Or should I say misused. The next time I hear the little school/big school football upset described in terms of “David vs. Goliath,” I might just seize up. Read 1 Samuel 17 again sometime and you’ll get the point. Big as he was, poor Goliath never had a chance. He was going up not against little David, but against the Lord of Hosts, God of the armies of Israel, and it was the Lord who did all the doing in that contest, through little David. The David and Goliath metaphor is more often than not taken in exactly the wrong sense. And while the metaphorical usage of biblical material is a cause of some distress from time to time, the need for metaphors is clear and worthy of some attention when we think about the task of preaching.

Ours is a culture that is obsessed with finding metaphors for life; what it is all about, what its meaning is, how it is best and most fully to be lived. And the wide world of sports provides ample grist for the metaphorical mill. Google some combination of “sports,” “life” and “metaphor,” and you’ll be overwhelmed with sites and quotations to check. “Sport is a metaphor for life,” be it baseball, football, golf, or presumably even water polo. Sports “teach lessons” about personal conduct, trial, and adversity, “for life’s most difficult moments,” thereby offering “preparation for life.” One site even extends the claim beyond the merely metaphorical, “The idea is that sports aren’t a metaphor for life, sports are life.” While the story of David and Goliath may oft be a misunderstood metaphor, the need for ways to think about the meaning of “life, the universe and everything” is alive in our culture, in our world, and very much in our churches.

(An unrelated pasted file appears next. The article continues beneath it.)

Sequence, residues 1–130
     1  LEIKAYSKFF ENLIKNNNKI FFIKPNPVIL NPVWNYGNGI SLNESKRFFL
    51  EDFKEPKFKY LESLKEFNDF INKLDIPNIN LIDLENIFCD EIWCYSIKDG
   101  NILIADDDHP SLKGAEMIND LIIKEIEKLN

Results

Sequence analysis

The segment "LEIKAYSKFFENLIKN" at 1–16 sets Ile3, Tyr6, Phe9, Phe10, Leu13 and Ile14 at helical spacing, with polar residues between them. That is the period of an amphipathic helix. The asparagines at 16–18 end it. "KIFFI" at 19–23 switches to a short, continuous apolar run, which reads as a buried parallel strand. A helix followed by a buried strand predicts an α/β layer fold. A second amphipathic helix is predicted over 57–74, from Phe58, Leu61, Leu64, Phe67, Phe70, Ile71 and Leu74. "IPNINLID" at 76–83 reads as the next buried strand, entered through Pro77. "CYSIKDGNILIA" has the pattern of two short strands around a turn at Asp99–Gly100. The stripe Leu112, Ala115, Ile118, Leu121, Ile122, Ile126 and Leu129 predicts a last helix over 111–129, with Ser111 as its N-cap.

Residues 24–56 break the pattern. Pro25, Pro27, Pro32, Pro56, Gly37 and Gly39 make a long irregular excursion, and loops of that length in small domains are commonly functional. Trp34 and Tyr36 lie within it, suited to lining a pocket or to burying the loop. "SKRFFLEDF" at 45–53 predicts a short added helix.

Paul seems to have anticipated the need for and the usefulness of metaphor. He uses sports very effectively when thinking about the spiritual life and the calling of the child of God. Here are some examples where Paul uses the language of athletics:

  • 1 Timothy 4:8 “while physical training is of some value, godliness is valuable in every way…”
  • 2 Timothy 2:5 “…in the case of an athlete, no one is crowned without competing according to the rules.”